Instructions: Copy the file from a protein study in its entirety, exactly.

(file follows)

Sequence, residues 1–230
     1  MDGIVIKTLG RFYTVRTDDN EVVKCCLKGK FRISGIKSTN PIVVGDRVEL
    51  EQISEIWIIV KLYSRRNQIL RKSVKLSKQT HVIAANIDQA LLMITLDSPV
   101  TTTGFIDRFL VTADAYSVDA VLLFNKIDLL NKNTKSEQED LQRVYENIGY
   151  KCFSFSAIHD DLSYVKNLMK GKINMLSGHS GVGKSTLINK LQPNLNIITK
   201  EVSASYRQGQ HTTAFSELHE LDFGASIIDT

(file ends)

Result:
Sequence, residues 1–230
     1  MDGIVIKTLG RFYTVRTDDN EVVKCCLKGK FRISGIKSTN PIVVGDRVEL
    51  EQISEIWIIV KLYSRRNQIL RKSVKLSKQT HVIAANIDQA LLMITLDSPV
   101  TTTGFIDRFL VTADAYSVDA VLLFNKIDLL NKNTKSEQED LQRVYENIGY
   151  KCFSFSAIHD DLSYVKNLMK GKINMLSGHS GVGKSTLINK LQPNLNIITK
   201  EVSASYRQGQ HTTAFSELHE LDFGASIIDT